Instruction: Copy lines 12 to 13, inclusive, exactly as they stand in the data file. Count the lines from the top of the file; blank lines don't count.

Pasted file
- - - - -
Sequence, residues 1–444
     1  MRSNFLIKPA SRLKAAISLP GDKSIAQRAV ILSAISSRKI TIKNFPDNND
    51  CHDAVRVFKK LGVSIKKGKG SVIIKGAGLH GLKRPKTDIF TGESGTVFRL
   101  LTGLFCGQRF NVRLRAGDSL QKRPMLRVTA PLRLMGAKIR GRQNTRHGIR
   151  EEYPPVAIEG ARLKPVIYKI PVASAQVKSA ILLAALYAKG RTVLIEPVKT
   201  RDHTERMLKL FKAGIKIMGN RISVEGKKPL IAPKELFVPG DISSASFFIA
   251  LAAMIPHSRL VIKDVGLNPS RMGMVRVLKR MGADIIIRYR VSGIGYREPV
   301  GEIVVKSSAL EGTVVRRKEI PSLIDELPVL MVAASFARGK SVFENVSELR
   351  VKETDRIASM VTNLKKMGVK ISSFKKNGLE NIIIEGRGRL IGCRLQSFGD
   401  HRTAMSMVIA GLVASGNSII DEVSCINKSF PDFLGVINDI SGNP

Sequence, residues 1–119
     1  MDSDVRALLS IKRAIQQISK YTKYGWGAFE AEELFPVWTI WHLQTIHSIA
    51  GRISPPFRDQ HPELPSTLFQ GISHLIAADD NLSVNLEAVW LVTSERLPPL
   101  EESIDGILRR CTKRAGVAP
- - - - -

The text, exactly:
     1  MDSDVRALLS IKRAIQQISK YTKYGWGAFE AEELFPVWTI WHLQTIHSIA
    51  GRISPPFRDQ HPELPSTLFQ GISHLIAADD NLSVNLEAVW LVTSERLPPL